Before Disneyland, Six Flags and Sea World, there was Coney Island. With its long list of pleasures — the beach, the boardwalk, the roller coasters and the hot dogs — this strip of seashore at the foot of Brooklyn, N.Y., has provided affordable fun and amusement for millions of people for more than a century. And one person clearly enchanted by the oasis of fun is renowned photographer Harvey Stein, whose new book, Coney Island 40 Years, is full of colorful characters (such as the photo above) he’s encountered there over the past four decades. Stein spoke to LIFE.com about his collection of striking black-and-white pictures, sharing stories and personal insights into an “iconic American place.”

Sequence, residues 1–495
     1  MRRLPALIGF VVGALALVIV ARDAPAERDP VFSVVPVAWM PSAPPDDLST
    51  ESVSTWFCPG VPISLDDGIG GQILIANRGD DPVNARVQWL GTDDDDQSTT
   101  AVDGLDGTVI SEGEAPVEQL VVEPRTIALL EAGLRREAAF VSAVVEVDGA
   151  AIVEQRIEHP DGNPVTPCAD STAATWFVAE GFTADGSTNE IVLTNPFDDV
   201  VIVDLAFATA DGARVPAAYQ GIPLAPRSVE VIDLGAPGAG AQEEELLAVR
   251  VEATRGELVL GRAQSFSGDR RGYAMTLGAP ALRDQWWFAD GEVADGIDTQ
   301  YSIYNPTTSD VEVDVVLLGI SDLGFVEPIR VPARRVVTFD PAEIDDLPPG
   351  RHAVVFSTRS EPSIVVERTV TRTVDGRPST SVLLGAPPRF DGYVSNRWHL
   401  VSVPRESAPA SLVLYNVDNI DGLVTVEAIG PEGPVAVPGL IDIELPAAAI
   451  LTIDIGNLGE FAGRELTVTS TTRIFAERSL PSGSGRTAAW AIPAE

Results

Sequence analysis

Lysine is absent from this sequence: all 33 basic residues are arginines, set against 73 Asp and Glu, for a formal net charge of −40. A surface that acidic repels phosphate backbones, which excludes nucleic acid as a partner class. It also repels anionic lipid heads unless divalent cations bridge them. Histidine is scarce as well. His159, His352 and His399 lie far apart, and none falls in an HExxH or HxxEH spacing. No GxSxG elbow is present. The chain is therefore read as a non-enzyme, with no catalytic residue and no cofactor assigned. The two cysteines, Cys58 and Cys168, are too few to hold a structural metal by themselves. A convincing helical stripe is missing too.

On October 14, 1912, Roosevelt was campaigning in Milwaukee, Wisconsin when a local saloon-keeper shot him. The bullet lodged in his chest after passing through a jacket pocket containing his steel eyeglass case and a copy of his 50 page speech which had been folded in half. Being an anatomist, Roosevelt concluded that since he wasn’t coughing blood the bullet had not penetrated the chest wall into his lung. He declined immediate treatment and gave his 90 minute speech with blood seeping from the wound into his shirt. “Ladies and gentlemen, I don’t know whether you fully understand that I have just been shot,” Roosevelt said, “but it takes more than that to kill a Bull Moose.”
Oh, and Roosevelt was blind in his left eye, the result of a boxing injury he sustained while in office.